Do you remember when you were a teenager and wanted nothing more than this phone? It was cool and sleek and had a camera, plus two screens! Everyone wanted this phone. If you had this phone in 2004, you were the hippest kid in the classroom. And if you didn’t, you were certain that if only you had that phone, you would be truly happy.
Then, maybe Christmas rolled around and you got the phone. It was just as amazing as you thought it would be. Then Christmas break ended, you took your phone to school, and everyone oohed and ahhed over it around the lunch table. But by Spring Break, it was just a part of your life. You used it to text your friends and call your mom to pick you up, but you didn’t oogle at it any more. It was a tool.
Fast forward to 2015. No one wants this phone. The screen is small, and it’s not touch-screen. You can’t get on Facebook and Google Maps and Spotify. Now, a smartphone is the presumed minimum requirement. They’re old enough that they’re not seen as “cool” anymore either – they’re just a tool.
That’s the hedonic treadmill. Something seems amazing, like Razr, then you get it and pretty quickly settle back to your personal average happiness level. You get used to it and it’s not exciting anymore. So you want something else new and amazing.
That’s where it gets you. You constantly upgrade to new cars, fancier vacations, nicer clothes, thinking that your life will be better when your things are better. And of course, these things are expensive, and a few months after buying them you don’t get any joy from them anymore.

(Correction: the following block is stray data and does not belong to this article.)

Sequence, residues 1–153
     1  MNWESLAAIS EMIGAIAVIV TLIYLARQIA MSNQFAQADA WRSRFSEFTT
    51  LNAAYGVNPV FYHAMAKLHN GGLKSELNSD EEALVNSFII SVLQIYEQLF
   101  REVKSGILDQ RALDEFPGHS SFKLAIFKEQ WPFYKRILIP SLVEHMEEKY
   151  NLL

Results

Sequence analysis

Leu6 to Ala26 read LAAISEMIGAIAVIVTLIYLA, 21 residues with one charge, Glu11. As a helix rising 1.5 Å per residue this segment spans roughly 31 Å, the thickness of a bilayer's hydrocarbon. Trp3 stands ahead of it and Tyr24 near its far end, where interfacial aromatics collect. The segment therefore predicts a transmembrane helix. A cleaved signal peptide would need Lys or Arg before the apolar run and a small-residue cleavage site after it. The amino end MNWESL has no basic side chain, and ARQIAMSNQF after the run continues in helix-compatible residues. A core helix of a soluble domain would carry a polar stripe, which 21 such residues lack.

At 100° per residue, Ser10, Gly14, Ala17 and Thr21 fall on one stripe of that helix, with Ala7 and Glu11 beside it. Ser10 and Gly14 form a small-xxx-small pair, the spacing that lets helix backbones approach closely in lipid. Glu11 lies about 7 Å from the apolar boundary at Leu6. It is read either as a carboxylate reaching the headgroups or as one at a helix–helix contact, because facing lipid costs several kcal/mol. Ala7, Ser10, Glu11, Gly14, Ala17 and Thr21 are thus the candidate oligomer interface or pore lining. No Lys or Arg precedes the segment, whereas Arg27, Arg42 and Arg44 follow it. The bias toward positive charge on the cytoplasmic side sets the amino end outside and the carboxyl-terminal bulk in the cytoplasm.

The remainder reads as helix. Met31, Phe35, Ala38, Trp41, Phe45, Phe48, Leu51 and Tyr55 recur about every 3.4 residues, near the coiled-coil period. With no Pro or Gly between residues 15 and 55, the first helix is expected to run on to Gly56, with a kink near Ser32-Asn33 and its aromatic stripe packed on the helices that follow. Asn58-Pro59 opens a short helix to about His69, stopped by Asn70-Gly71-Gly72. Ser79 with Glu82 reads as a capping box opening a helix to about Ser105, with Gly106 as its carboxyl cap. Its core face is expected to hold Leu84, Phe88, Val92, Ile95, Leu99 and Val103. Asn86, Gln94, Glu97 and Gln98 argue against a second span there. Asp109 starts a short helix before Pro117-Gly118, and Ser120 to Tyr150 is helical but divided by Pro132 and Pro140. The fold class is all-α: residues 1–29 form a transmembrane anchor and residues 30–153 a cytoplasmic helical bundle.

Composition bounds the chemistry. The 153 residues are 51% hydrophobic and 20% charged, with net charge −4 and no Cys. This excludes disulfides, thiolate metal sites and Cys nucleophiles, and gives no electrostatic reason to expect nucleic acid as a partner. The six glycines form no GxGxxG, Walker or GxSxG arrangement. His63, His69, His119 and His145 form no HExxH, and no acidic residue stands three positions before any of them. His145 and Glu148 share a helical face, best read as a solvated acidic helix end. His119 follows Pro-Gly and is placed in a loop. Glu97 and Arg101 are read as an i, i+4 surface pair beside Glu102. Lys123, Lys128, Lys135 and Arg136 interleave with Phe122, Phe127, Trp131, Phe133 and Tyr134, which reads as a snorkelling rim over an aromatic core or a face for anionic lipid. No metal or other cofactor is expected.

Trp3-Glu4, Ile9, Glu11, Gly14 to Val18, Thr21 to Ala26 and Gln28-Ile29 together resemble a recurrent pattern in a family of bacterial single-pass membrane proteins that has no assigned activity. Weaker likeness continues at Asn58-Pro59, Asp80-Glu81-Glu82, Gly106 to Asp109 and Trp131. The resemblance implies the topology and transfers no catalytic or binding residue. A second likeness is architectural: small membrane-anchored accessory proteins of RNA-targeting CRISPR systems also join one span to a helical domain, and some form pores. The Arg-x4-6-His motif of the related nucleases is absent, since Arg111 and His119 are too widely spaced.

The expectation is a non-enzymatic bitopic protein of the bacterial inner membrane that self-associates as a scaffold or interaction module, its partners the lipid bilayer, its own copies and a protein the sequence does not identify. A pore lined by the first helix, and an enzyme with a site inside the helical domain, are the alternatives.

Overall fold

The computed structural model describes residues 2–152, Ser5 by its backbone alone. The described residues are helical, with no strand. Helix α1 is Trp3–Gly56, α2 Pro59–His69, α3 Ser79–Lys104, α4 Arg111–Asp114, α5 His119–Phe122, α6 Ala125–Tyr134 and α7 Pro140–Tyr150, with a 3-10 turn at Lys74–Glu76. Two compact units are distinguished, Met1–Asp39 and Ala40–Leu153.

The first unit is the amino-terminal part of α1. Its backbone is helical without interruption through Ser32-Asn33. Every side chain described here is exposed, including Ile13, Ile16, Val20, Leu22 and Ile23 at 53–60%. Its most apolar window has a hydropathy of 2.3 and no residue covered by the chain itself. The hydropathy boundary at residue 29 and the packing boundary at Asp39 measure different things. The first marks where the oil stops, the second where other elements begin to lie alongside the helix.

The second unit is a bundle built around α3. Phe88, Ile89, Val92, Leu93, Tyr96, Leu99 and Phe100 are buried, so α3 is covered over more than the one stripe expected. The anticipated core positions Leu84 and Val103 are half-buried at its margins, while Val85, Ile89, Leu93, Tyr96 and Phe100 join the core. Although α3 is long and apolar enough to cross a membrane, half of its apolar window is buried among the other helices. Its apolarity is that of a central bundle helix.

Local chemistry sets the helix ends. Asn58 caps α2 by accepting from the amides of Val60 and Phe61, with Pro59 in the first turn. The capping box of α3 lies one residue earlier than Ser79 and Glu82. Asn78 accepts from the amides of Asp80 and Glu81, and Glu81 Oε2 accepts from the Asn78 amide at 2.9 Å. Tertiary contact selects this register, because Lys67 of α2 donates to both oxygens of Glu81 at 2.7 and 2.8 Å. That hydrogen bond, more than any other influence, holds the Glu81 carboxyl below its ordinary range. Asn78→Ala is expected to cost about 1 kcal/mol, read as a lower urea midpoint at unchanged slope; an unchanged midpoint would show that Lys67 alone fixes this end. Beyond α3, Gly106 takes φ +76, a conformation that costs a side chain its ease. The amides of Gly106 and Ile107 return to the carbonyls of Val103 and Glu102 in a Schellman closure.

Sure, there is a base level of material goods we need to be comfortable in our lives – a warm roof over your head will save you a lot of worry, wearing clothes that aren’t in tatters will make you more confident and respected, being able to afford groceries means you avoid a lot of stress about where your next meal will come from. Beyond that though – a nicer, fancier apartment won’t make you any happier than the perfectly serviceable one you already have. Buying a latte every day won’t make you any happier than getting one once a week or so.
Like on any treadmill, the view never changes. True contentment doesn’t come from keeping up with the latest and greatest. You need to (cheesy metaphor alert!) get off the fancy treadmill in the fancy gym and go for a run outside, where you can appreciate the fresh air and the view instead of the way-more-in-shape lady running next to you.
The first step to this is gratitude. Wanting what you have, instead of what other people have. Sometimes I literally sit in my apartment (I did a blog post a while ago that was an “apartment tour,” it’s here) and look around and remember to appreciate things, like my wood floors and original art from my friends and the sheer fact that I have a place of my own.
There are things that have been proven to actually increase happiness. Those are things like exercise, being outside, strong relationships, meditation/journaling, learning new things and getting enough sleep. Amazingly enough, they’re all free!
Remember, you are what you do, not what you have.